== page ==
Researchers show how to steal data through PC components without hacking

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No hacking required, as these Israeli researchers demonstrate how to steal data through PC components.

A series of side-channel-attacks that can steal encryption keys by watching acoustic, electric, and electromagnetic signals generated by a PC have been developed by a team of computer science researchers from the Israel Institute of Technology (also known as the Technion).

According to a research paper contributed to the Association for Computing Machinery, a professional association, researchers claimed to have used economical and easily available equipment in order to carry out the attacks on numerous public-key encryption schemes and digital-signature schemes. However, the attacks are possible even though they are improbable and tough to pull off, said industry experts.

In one of the attacks, the researchers were able to steal encryption keys by keeping a watch over the acoustics of the “coil whine” or vibrations caused by electronic components inside a PC fluctuating as voltages and currents pass through. According to the paper, during cryptographic operations, the coil whines leak keys because the noise is interlinked with the continuing computation about what applications are running and what data is being processed.


“By recording such noise while a target is using the RSA algorithm to decrypt ciphertexts (sent to it by the attacker), the RSA secret key can be extracted within one hour for a high-grade 4,096-bit RSA key,” researchers said in the paper.

By using a parabolic microphone, the attack can be carried out from as far as 10 meters away or from 30cm away through a plain mobile phone placed next to the computer.

The researchers were able to steal RSA and ElGamal keys in another attack, after determining how the electric potential energy of a laptop’s chassis varies. This can be done directly through a plain wire connected to a conductive part of the laptop, or indirectly through any cable with a conductive shield attached to a port on the laptop, said the researchers in the post.

Using an appropriate electromagnetic probe antenna or even a plain consumer-grade AM radio receiver, an attacker could also steal RSA and ElGamal keys by watching the electromagnetic field emitted by the computer, researchers said.

In order to protect against these attacks, hardware countermeasures can be taken, such as, Faraday cages against electromagnetic attacks, the use of sound-absorbing enclosures to protect against the acoustic attacks, and insulating enclosures against chassis and touch attacks. However, these countermeasures are expensive and cumbersome, the researchers confessed.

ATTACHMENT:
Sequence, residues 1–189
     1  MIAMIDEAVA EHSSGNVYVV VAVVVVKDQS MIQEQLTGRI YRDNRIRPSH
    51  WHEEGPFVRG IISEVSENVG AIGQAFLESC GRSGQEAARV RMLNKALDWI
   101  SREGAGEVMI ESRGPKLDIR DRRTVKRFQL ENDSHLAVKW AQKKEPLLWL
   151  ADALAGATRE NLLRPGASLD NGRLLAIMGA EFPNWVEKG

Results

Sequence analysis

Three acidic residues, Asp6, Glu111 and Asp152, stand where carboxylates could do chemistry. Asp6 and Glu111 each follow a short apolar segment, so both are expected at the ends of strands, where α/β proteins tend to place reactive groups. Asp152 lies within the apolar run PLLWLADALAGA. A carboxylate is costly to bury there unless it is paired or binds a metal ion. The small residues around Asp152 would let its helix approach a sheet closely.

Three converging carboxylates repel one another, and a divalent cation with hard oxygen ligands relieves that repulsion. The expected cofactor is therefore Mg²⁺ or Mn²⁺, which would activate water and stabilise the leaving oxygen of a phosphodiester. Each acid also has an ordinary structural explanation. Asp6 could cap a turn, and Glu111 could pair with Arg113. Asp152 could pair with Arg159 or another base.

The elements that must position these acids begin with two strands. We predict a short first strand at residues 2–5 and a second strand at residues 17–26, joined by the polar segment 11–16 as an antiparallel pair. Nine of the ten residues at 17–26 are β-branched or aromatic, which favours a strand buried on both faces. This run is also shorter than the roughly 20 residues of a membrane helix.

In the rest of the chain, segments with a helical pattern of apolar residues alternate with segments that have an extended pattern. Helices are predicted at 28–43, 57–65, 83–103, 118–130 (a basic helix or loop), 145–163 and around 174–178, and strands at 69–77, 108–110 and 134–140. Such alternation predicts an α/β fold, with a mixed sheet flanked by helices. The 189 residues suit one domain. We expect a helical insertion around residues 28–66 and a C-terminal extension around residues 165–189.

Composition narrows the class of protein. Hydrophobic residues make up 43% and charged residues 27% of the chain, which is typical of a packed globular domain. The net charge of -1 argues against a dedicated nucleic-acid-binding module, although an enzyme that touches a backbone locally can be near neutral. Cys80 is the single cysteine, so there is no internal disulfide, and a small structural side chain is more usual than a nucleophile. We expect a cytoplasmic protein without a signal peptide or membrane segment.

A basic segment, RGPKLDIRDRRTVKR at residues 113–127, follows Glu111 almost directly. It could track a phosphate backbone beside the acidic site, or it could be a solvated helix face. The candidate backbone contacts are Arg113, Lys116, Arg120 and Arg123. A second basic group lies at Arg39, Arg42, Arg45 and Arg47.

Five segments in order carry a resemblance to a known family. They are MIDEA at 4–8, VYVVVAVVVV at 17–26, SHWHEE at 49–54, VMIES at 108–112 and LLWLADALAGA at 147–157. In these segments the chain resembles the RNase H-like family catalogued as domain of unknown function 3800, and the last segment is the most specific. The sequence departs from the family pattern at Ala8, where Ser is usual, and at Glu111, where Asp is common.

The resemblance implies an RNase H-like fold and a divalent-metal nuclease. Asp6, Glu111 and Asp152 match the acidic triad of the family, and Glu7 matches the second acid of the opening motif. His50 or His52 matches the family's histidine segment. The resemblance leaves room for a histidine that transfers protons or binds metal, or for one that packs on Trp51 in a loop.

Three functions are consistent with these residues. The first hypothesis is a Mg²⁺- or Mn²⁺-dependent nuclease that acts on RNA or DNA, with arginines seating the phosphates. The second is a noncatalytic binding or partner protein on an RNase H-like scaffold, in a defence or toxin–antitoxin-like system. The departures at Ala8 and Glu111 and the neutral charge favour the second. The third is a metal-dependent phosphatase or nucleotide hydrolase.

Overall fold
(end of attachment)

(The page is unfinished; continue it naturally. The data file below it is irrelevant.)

Software countermeasures include the use of algorithms and other software implementations that are designed so that leakage through the given channel will not deliver useful information, researchers said.

On the other hand, Mark Nunnikhoven, Trend Micro Vice President of Cloud Research told via emailed comments that average person doesn’t have to be concerned about these types of attacks and most users can safely disregard the risks they bring.

“The manner in which hardware processes data has always exposed some vulnerabilities,” he said. “There are things that manufacturers can do to reduce these possibilities, and they should protect their products when the solutions (increased insulation, shielding, etc.) are reasonable…that’s just good, secure design.”

The attacks are nonetheless real and can be carried out, said Nunnikhoven. However, it needs specific equipment and knowledge, and needs the attacker and their tools to be physically near the system in question for an prolonged period of time.

“Unlike average cybercrime campaigns and hackings, these attacks simply don’t scale and aren’t worth the attacker’s investment,” he said.

The attacks may be worthy investment for an attacker who is looking to aim at governments and sensitive industries and that these entities should invest in counter measures such as physically securing systems in their data centers, cable isolation, said Nunnikhoven.